Title:
Foldable and transportable home
United States Patent 3983665
Abstract:
A foldable and transportable home having side walls, foldable end walls and foldable roof sections, which, in their unfolded condition, form a saw-tooth configuration building structure. The two end walls have an upper and a lower portion, the upper portion being hinged to the lower portion and folding inwardly and downwardly. The roof includes two lower and two upper longitudinal roof sections forming a gable configuration, with the two upper sections being hinged to the respective lower roof sections and foldable downwardly relative thereto. The home may be in two longitudinal sections which can be separated from one another for transporting on an undercarriage and which may be removed therefrom when the home is placed in a permanent location.


Inventors:
Burton, Keith O. (Elkhart, IN)
Application Number:
05/616428
Publication Date:
10/05/1976
Filing Date:
09/24/1975
Assignee:
BurKin Homes Corporation (White Pigeon, MI)
Primary Class:
Other Classes:
52/79.5, 52/91.1, D25/22, D25/30, D30/109
International Classes:
E04B1/344; (IPC1-7): E04B7/16
Field of Search:
52/64, 52/67, 52/66, 52/70, 52/71, 52/68, 52/79, 52/90
View Patent Images:
US Patent References:
D224218N/AJuly, 1972Kelbish52/79
3653165EXPANDABLE BUILDING WITH TELESCOPING ENCLOSURES AND HINGEDLY CONNECTED BARRIERS1972-04-04West52/67
3638373COLLAPSABLE ROOF FOR PREASSEMBLED BUILDING1972-02-01Chapman52/79
1404963House for fowls1922-01-31Hyde52/618
Primary Examiner:
Murtagh, John E.
Attorney, Agent or Firm:
Hobbs, Marmaduke
Claims:
I claim:

1. A foldable and transportable home comprising two separable longitudinal main sections, a base frame for each section, outside longitudinal side walls and opposite end walls for each main section, each end wall having a lower portion rigidly connected to the respective side wall and an upper portion foldable inwardly and downwardly in the respective section, sloping roof structures for each main section having a plurality of longitudinal sections pivoted to one another on a horizontal line and being foldable downwardly, the upper edge of the uppermost roof section of one of the main sections being spaced above the upper edge of the uppermost roof section of the other main section, said upper edges defining a longitudinally extending space between said uppermost roof sections, and a substantially vertical wall insert disposed in said space.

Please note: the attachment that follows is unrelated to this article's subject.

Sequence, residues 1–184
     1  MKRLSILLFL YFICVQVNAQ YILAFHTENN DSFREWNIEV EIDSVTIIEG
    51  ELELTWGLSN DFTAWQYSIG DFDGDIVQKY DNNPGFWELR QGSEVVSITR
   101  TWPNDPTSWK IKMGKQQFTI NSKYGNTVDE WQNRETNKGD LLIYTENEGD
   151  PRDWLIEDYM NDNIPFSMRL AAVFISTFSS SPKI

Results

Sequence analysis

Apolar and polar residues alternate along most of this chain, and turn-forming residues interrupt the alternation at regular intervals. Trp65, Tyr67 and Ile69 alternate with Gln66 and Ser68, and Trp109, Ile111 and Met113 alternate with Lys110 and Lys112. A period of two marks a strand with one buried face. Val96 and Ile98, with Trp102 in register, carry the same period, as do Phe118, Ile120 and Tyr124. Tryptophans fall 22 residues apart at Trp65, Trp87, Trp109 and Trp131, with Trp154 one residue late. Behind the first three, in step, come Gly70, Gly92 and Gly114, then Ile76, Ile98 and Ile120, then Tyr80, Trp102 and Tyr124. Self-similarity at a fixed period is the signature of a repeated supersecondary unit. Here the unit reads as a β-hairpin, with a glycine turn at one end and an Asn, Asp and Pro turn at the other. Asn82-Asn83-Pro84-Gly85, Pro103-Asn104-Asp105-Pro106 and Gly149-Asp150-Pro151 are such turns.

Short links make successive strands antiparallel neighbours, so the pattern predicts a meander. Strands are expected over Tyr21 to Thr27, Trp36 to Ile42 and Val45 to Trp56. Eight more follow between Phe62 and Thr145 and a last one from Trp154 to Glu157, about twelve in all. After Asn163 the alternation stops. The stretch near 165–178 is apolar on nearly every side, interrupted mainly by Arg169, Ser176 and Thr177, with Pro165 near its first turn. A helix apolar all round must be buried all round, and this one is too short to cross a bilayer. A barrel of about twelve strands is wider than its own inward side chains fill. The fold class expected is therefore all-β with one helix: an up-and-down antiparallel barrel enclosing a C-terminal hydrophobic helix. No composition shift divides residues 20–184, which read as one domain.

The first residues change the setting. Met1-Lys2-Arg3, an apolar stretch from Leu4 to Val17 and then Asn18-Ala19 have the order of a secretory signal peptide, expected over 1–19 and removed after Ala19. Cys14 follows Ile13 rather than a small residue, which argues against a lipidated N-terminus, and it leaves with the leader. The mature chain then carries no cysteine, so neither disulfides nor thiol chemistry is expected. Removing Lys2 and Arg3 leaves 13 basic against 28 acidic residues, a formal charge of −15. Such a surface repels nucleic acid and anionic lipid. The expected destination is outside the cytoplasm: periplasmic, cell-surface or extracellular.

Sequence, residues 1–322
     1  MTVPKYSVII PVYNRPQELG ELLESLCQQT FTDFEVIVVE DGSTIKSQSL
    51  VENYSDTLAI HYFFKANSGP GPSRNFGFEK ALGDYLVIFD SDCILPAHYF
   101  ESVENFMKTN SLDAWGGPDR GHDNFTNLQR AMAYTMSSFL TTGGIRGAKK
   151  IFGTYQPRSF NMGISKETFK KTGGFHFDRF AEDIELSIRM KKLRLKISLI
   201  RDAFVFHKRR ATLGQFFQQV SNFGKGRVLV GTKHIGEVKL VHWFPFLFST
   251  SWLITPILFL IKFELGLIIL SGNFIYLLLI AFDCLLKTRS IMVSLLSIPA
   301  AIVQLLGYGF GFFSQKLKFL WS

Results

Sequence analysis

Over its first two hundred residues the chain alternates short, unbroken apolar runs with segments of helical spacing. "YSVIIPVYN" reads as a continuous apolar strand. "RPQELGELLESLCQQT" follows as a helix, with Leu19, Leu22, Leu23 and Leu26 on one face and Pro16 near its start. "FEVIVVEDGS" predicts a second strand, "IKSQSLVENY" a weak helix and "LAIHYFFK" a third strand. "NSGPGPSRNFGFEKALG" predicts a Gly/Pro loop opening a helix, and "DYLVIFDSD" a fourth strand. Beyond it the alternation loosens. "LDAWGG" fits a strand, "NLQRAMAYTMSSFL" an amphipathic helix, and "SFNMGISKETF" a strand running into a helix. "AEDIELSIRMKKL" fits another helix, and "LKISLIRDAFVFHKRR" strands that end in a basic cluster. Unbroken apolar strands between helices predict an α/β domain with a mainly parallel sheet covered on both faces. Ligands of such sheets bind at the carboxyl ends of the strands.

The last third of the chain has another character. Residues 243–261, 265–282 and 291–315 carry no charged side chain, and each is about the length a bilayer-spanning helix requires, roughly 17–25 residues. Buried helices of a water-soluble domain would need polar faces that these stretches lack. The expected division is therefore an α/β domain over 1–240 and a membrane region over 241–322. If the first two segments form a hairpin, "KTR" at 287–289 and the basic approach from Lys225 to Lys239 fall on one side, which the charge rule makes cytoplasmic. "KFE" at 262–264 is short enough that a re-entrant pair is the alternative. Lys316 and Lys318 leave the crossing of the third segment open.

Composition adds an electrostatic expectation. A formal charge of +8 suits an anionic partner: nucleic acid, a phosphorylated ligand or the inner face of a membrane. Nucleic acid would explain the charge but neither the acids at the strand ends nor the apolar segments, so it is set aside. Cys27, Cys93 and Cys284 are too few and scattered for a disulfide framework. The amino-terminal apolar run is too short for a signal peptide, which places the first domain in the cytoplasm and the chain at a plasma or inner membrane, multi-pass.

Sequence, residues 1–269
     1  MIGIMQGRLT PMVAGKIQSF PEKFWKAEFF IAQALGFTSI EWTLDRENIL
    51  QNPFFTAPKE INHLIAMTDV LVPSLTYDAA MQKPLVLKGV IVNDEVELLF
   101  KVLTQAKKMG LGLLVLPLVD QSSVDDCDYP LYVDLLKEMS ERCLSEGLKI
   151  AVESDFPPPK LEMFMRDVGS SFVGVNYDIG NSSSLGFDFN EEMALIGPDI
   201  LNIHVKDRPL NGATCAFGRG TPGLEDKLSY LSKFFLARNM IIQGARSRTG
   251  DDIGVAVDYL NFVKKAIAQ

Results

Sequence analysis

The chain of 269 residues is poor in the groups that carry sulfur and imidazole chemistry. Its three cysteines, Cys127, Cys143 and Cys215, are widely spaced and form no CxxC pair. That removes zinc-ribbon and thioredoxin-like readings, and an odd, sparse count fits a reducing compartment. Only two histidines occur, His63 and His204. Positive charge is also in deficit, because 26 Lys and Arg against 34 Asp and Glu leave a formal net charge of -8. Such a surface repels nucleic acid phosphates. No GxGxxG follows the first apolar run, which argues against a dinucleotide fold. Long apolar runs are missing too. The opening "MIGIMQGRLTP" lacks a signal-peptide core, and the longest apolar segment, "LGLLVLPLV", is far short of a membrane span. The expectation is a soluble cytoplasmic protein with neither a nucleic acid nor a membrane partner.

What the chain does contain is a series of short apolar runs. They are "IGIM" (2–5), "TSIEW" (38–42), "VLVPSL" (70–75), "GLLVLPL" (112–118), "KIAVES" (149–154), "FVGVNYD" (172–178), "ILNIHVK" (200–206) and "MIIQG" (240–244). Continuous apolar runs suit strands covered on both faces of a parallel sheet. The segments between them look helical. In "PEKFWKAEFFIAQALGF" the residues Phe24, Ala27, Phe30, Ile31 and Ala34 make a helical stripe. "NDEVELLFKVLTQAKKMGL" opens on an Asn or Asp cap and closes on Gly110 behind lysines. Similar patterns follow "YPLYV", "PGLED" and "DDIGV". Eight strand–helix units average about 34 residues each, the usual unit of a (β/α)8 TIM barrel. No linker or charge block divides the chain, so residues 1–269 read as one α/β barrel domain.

2. A foldable and transportable home as defined in claim 1 in which the uppermost roof section of each main section extends downwardly from the roof section to which it is joined along the side of the inner edge of the respective main section when said main sections are separated and folded.

3. A foldable and transportable home as defined in claim 1 in which the roof of one of said main sections is provided with a dormer and the side wall extends upwardly thereto and forms a part of the dormer.

4. A foldable and transportable home as defined in claim 3 in which a door is provided in the wall and extension thereof beneath said dormer.

5. A foldable and transportable home as defined in claim 1 in which a lower floor is disposed on said base frame and an upper floor is disposed in one of said main sections, said latter floor being on a level at approximately the junction between the upper and lower portions of said end walls.

6. A foldable and transportable home as defined in claim 2 in which a lower floor is disposed on said base frame and an upper floor is disposed in one of said main sections, said latter floor being on a level at approximately the junction between the upper and lower portions of said end walls.

7. A foldable and transportable home as defined in claim 6 in which a means supports said wall insert below one of said uppermost sections when said uppermost section is in its folded down position along the inner side of the respective section.

8. A roof structure as defined in claim 1 in which the roof portion having the higher upper edge consists of two longitudinal sections joined together by hinge means and the other of said roof portions consists of three roof sections joined together by hinge means, and the lowermost roof section of the latter roof portion is secured to the respective side and end walls.

9. In a foldable and transportable home, a roof structure having two sloping roof portions, each of said portions having longitudinal sections foldable relative to one another, the uppermost section of one of said roof portions being spaced above the upper edge of the uppermost roof section of the other roof portion, thereby defining a longitudinally extending space between said uppermost roof sections and a substantially vertical wall insert disposed in said space between said upper edges.

10. A roof structure as defined in claim 9 in which said wall insert contains a plurality of windows.

11. A roof structure as defined in claim 9 in which said insert is connected to one of said uppermost roof sections by a plurality of flexible members.

12. A roof structure as defined in claim 9 in which the roof portion having the higher upper edge consists of two longitudinal sections joined together by hinge means and the other of said roof portions consists of three roof sections joined together by hinge means, and the lowermost roof section of the latter roof portion is secured to the respective side and end walls.

Description: